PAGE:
For quite a long time I have been using these two words interchangeably without thinking of their difference, even if it is slight. So can someone differentiate the former from the latter, please?

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In "discrepancy" the stress is, IMO, on showing a "discordant" difference.


Synonyms: clashing, conflicting, disagreeing, discordant, inconsistent, incompatible, incongruous, inconsonant, inharmonious, mutually exclusive, repugnant

Merriam-Webster Unabridged Dictionary

  • I would have simplified a bit, since it's basically just implying that something is wrong with the difference, but this works out OK. – Nathan Tuggy Apr 23 '15 at 16:17
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    My first impulse was to say that a discrepancy was an unexpected difference, or even an unwanted difference. But this expresses the idea better. – Matt Gutting Apr 23 '15 at 16:19
  • There is an ELL exchange for simple questions with simple answers. I like this answer because it illustrates and emphasizes the root of one of the words, which might give the asker better insight into a small piece of the English language rather than just a quick and dirty answer. I'd actually like to see the answer expanded to give similar information about the word "different", since @Abecedarian could possibly be misunderstanding proper use of the word "difference". "Discrepant" really has nothing at all to do with "difference", and that distinction is both important and relevant. – R Mac Apr 23 '15 at 16:20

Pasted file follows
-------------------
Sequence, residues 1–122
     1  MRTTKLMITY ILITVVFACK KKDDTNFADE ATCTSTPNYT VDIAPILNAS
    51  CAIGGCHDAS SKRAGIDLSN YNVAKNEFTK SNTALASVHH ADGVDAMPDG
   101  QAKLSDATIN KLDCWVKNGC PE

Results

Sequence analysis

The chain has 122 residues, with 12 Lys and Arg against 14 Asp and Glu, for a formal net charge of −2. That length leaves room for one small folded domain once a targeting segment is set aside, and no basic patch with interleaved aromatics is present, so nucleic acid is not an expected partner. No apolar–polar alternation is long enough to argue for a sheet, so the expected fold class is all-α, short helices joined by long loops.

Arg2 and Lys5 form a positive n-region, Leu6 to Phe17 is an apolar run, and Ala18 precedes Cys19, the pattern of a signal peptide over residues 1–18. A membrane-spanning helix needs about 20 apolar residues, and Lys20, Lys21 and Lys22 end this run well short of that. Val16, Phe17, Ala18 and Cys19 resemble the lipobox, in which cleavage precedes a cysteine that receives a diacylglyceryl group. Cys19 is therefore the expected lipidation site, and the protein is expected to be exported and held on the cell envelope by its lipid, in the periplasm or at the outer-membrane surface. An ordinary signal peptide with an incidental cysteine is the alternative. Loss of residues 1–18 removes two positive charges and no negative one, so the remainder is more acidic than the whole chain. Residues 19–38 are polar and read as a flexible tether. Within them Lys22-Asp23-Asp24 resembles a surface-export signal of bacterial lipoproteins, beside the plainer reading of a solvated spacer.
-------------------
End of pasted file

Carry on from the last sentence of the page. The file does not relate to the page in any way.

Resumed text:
• I had always regarded "discrepancy" as the same meaning to "difference" since several dictionaries define them in the same way. That is to say, "discrepancy" has little to do with "difference". You really opened my eyes. Thanks. – Abecedarian Apr 24 '15 at 10:38

I should be startled to see "discrepancy" used in any context other than some distressing mismatch, e.g. in accounting or between somebody's story and other evidence of the reality. Of course you could use "difference" there as well, but the substitution the other way does not generally work. I should never, never use "discrepancy" for many other differences, e.g. "there is a discrepancy between British and American English".

  • Oh, that's about the size of it. So the better word should be "difference" instead of "discrepancy", which is mainly used in confirming somebody's account. – Abecedarian Apr 24 '15 at 10:45

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